Farms City Councilman John Gillooly said that, even though the Farms and Shores have tried to encourage pedestrians to avoid walking along the seawall because of safety concerns, people still do it. Safety — and infrastructure underneath Lake Shore Road such as water and sewer lines — are among the many reasons the seawall needs to be addressed as soon as possible, he said. Concerns about a possible sinkhole opening up on Lake Shore have been raised in recent years by multiple city officials.

“Underneath the road, the infrastructure is definitely being affected,” Gillooly said. “This is a very important issue.”

Farms City Councilwoman Beth Konrad-Wilberding wondered if the project might qualify for federal disaster funds, noting she believed there were “some environmental issues, as well.” Reeside said that’s an avenue they will explore.

Reeside said they hope to meet again with the U.S. Army Corps of Engineers to go over the proposed seawall solution and discuss permits required for this work from the U.S. Army Corps. In addition, he said officials at the city, county and federal levels hope to have more frequent meetings in the months ahead as they work toward a fix that will ensure the safety of pedestrians and motorists, and will protect Lake Shore Road.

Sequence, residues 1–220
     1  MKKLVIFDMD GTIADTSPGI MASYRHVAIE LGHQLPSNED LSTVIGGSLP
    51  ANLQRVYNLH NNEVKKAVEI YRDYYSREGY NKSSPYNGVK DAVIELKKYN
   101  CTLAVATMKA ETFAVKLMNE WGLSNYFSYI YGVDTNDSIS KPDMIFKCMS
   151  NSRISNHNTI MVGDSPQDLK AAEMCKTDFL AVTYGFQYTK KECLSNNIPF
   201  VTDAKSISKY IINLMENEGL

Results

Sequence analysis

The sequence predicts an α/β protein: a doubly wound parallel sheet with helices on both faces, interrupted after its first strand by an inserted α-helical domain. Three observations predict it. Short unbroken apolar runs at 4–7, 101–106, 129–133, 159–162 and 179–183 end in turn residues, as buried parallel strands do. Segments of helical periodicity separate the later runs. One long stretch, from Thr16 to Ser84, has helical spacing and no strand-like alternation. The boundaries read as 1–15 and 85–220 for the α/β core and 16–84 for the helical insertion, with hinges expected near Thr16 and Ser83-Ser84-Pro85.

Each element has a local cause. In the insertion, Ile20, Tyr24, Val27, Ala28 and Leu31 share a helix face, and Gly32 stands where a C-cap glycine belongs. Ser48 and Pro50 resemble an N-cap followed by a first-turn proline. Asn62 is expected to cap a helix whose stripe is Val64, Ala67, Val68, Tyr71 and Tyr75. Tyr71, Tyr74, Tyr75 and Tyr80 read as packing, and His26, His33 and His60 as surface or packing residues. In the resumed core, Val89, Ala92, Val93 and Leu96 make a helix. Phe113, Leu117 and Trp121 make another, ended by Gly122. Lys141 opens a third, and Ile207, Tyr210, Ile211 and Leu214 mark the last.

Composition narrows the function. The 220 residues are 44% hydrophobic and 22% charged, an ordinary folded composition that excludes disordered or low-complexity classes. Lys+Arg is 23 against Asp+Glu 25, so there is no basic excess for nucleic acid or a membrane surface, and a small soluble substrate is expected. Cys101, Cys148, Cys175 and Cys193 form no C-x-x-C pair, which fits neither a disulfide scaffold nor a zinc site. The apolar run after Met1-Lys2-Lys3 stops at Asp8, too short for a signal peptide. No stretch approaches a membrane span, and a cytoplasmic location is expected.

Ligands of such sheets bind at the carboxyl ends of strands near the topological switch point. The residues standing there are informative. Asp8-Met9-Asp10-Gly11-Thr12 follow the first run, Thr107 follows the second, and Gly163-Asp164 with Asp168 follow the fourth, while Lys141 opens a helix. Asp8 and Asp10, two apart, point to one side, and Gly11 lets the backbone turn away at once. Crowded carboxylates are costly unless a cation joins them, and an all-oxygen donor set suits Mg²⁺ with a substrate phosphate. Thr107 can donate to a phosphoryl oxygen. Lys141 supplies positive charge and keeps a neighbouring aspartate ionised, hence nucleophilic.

“It is a long process,” Reeside said. “I don’t pretend otherwise.”

He said there are a lot of requirements just to secure federal funding. Reeside said this project would likely take years to fund and complete.

In the interim, Reeside said officials with Wayne County have been in talks with city leaders about temporary remediation to fortify the seawall until it can be replaced. He said the county hopes to fill open voids in the seawall with more substantial bedrock instead of the crushed aggregate that was used before but that got washed away.

“The other thing we have going for us is we’re seeing lake levels drop,” Reeside said.

If that trend continues, Reeside said it could mean reduced seawall deterioration due to wave action.

“It’s been a long time coming,” said former Farms mayor and current City Councilman James Farquhar. “It’s nice to see it coming to fruition.”

Farquhar said he recalled working on the seawall issue when he was first elected mayor in 2003.